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'Fixed term tenancies MUST be preserved within reform bill for students lets'

student landlords signboard|tom walkler sturents renters reform bill

A proposed ban on fixed-term tenancies could penalise students amid an already heightened rental crisis in many cities.

According to student rentals platform StuRents, if the Renters (Reform) Bill fails to preserve fixed term tenancies for students, property managers could find their student HMO portfolio slipping out of kilter with the underlying academic cycle, reducing choice for students and increasing the number of vacant properties at a time when many cities are suffering a severe shortage of affordable accommodation.

The current situation helps align the dates from which all properties can be marketed for the next academic year, says StuRents.

Property managers know months in advance when properties will be vacated, meaning all accommodation is made available on property portals around the same time, facilitating a mass clearing process that rewards good quality properties with excess enquiries and provides students with an abundance of choice.

Many landlords have already voiced fears that students will pay higher rents as landlords exit the sector. Under the proposals, students will be able to give two months' notice at any time, making it difficult to find a replacement and putting pressure on those who might have to find a new housemate or pay more rent to compensate for the empty room.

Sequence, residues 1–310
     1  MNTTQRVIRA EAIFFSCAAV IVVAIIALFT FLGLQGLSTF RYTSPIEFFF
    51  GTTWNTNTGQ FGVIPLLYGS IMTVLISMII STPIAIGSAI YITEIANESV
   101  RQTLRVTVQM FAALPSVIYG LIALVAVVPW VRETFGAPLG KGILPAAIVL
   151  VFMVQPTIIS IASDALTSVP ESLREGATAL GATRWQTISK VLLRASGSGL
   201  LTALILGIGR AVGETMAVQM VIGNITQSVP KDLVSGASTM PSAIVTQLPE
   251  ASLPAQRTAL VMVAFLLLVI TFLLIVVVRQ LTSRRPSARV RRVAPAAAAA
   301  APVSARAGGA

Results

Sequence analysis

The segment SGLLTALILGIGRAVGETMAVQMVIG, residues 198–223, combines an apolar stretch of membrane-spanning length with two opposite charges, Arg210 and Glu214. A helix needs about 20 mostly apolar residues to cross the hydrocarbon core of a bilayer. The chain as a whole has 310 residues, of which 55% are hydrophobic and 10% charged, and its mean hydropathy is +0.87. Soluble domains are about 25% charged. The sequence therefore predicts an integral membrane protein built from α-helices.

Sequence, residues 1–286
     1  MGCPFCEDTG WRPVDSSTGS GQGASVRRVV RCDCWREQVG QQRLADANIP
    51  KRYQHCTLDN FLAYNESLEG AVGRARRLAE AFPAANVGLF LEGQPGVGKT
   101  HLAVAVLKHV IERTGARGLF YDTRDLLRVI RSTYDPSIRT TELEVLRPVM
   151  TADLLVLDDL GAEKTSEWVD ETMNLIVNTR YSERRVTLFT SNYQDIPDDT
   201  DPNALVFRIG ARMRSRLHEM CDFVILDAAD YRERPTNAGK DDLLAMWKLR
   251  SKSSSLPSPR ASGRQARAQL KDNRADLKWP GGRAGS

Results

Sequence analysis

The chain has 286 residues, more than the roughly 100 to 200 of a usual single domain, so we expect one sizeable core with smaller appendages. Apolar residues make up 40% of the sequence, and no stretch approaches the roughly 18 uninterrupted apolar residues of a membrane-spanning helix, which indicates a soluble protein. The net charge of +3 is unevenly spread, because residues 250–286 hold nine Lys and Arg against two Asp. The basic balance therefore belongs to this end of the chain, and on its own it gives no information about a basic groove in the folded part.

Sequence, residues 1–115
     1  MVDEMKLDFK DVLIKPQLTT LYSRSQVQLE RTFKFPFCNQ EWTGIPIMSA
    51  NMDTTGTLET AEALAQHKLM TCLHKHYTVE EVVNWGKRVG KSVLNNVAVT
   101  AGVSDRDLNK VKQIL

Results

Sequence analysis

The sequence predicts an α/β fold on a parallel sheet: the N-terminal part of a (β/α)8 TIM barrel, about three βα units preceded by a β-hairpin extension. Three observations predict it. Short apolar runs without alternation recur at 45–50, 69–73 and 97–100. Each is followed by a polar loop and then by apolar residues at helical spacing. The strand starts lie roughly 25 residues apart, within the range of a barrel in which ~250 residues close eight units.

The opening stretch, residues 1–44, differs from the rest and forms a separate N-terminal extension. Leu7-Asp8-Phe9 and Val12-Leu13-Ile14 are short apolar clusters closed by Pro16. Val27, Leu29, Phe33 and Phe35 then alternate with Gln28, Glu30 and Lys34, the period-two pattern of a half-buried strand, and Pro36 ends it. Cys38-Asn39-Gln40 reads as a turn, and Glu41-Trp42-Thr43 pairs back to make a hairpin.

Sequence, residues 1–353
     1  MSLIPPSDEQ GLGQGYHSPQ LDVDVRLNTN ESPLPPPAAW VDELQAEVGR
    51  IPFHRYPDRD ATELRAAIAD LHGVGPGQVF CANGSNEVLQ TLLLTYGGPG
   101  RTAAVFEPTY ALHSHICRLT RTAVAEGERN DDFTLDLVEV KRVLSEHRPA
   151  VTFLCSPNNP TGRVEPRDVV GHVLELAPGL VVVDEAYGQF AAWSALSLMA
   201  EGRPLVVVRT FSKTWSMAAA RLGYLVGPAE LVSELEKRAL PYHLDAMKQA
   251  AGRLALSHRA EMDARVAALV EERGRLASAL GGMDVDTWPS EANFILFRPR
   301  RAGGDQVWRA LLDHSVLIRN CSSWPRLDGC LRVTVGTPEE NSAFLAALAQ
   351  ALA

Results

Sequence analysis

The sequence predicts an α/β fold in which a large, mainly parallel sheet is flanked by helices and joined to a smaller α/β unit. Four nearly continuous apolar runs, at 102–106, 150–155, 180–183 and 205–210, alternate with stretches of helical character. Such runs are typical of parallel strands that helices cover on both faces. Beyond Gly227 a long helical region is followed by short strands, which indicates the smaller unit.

tom walkler sturents renters reform bill

If these landlords exit the student market, their properties will probably be acquired by institutional investors so there shouldn't be any contraction in supply, Tom Walker, (pictured) co-founder at StuRents, tells LandlordZONE.

'Some cities have an excess supply of student beds as a whole, but a shortage of affordable properties typically rented by domestic students, so identifying supply shortages is never as clear-cut as it seems,'� he adds.

'That said, cities like Manchester, Bath and Bristol that suffer from a shortage of affordable student accommodation will likely see problems exacerbated.'�

Michael gove

These points made by StuRents and other voices within the student lettings market appear to be cutting through in Whitehall - today a national newspaper reported rumours that housing secretary Michael Gove (pictured) is considering modifications to the Renters (Reform) Act that will exclude some student landlords from the looming legislaiton.

Read: ultimate guide to student property.


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